Right Hear, Right Now Exhibition - Interview
Hard of hearing photographer Kate Disher-Quill has arrived in Melbourne with her Right Hear, Right Now exhibition. We sat down and talked to her about it.
Why did you start this project?
Three years ago, I read this article about a girl who was deaf and she wrote about her experiences growing up and what it was like always being left out, missing punchlines in jokes and it felt like I was reading about myself. I felt so connected to something, and it was something that I was so ashamed of and never told anyone about and suddenly there was this piece of writing that I related to. I felt so emotional and it made me think what is the big deal? It made me think that if I could provide that same link that the article gave me and what it did to me, I wanted to be able to do that for other people and so that’s why I created the project. I feel like if I had of seen this when I was younger, it really would have made a difference.
Is that what you are hoping that this is going to do?
Yes! I ‘ve already had that experience in Sydney and Canberra and that’s very reassuring. In some ways it’s really hard to keep going with the project because it’s quite exhausting but it’s those moments that have really made me realise why I’ve done it and that I need to keep sharing it hope that as many people see it. A mother brought her deaf daughter to my Sydney show and when she walked in, it was like oh my God! She was so excited and the mother emailed me afterwards saying that her daughter had been going through a tough time and this exhibition had flipped her and encouraged her to join a deaf theatre group and helped her want to embrace her deafness. It’s one story like that , that makes me realise, yep, this is all worth it.
How long has this project taken you?
It’s been about years-worth of work, organizing and meeting with people that I had never met before and getting the perfect photo in the limited amount of time that we had. Sometimes I would visit a few times just because I thought about how we could get a better photo to portray their story. I wanted to show the beauty of Auslan and I’ve done that as well through film using it as poetry showing it in a visual way for those who have not experienced Auslan before. Deafness is so diverse and I wanted to capture a range of issues, stories and experiences.
"The hardest part was photographing someone in an engaging way that captures something that you can’t see. The photos are an attempt to capture the story of the subjects, some are quite abstract and others are detailed photos. I wanted to make it artistic and beautiful to look at visually."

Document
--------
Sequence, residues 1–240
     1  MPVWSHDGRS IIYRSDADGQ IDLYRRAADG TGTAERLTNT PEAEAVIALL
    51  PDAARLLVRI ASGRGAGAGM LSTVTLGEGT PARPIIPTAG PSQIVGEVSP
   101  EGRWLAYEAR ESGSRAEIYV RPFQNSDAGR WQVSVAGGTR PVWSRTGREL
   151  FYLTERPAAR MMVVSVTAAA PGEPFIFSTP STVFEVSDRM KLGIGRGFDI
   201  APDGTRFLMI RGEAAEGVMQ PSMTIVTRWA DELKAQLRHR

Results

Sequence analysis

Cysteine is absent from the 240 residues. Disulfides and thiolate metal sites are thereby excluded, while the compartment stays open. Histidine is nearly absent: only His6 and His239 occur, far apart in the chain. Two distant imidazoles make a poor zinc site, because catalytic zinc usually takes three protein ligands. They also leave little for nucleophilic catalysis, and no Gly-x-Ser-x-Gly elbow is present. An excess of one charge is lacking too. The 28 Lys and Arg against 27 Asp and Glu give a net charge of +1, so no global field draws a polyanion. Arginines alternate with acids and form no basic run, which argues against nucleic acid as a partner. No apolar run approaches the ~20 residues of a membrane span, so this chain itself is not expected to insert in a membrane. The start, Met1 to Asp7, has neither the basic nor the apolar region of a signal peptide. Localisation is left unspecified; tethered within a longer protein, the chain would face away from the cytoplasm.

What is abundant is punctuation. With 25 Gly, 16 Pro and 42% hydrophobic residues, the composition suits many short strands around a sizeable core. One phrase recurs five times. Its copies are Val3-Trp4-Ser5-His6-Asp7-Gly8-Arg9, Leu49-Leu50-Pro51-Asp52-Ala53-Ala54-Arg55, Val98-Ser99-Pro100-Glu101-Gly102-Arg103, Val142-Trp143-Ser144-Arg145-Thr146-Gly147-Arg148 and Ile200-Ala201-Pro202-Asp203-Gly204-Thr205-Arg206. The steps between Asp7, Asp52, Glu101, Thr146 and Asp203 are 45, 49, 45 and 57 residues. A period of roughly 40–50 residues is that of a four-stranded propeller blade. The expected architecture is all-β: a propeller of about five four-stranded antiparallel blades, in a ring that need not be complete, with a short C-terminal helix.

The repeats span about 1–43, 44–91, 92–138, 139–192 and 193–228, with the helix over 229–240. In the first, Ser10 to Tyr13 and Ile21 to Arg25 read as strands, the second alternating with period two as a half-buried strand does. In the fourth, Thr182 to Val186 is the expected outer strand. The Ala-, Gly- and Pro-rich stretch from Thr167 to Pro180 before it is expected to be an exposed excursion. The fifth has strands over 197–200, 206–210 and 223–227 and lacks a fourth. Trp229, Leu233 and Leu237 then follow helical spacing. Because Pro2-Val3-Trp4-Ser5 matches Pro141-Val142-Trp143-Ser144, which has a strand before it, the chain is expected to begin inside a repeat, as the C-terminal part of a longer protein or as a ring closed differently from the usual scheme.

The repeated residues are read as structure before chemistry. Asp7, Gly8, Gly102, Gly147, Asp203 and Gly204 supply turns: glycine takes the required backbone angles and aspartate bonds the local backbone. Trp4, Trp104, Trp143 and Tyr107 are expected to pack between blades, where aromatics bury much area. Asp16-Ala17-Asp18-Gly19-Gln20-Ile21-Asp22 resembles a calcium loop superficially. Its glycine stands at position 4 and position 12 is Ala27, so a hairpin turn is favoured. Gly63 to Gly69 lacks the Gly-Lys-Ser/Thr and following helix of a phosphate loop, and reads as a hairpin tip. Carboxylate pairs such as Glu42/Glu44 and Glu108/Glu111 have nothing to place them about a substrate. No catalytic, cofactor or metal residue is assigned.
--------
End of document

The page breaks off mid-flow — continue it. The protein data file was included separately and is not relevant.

Is this your biggest show yet?
Yes, I think so because Melbourne is a lot more engaged with their arts and also the deaf community down here in Melbourne is lot more connected and there’s a lot of arts focus within the deaf community. I always knew that I wanted Melbourne to be a great show, so that’s why I kind of waited. A lot of people will recognise the subjects in my work because they are actually from Melbourne and are part of the community down here.
Why have chosen to display it at the No Vacancy Gallery?
I wanted a place that was easy to get to, very central, so that’s why I’ve chosen this gallery to display my exhibition because it’s in the CBD. I needed a space that was the right size for all of my artwork, films and displays, that was the hardest part. It also has a coffee shop within the gallery so I hope that also helps to encourage more people to come inside and have a look whilst enjoying a beverage.
How did you transport all of your artwork to Melbourne?
I actually hired and drove down in a camper van with all of my artwork. Couriers were just too expensive so I decided to use a camper van relocation service where I paid a dollar a day to relocate the camper van from Sydney to Melbourne. It really easy because it had all the space that I needed for all my pieces.
Growing up, did you have any contact with deaf children?
No! The only deaf and hard of hearing people that I have really met and become friends with are through this project. I never really talked to anyone other than my grandmother about my deafness and so this project has really opened me up as well. I’ve had people come into the exhibition who also have never talked or socialized with another deaf person themselves so it’s been an experience for myself to connect not only myself but others with the deaf and hard of hearing community.
Why should deaf and hard of hearing people come?
To come and read about some experiences that you may relate to and can connect with. Connecting with people’s experiences through art and also to look at some really nice pieces of art and photography and film. I hope that it empowers people to not feel the need to hide behind themselves, but to embrace it and be excited by it and to realise that it is something special to celebrate.
After this, what’s next?
Making a book of this. I always knew that this needed to live beyond the gallery because there’s only so many people who can come and see it. It needs to have a permanent life so that it can continue to empower others.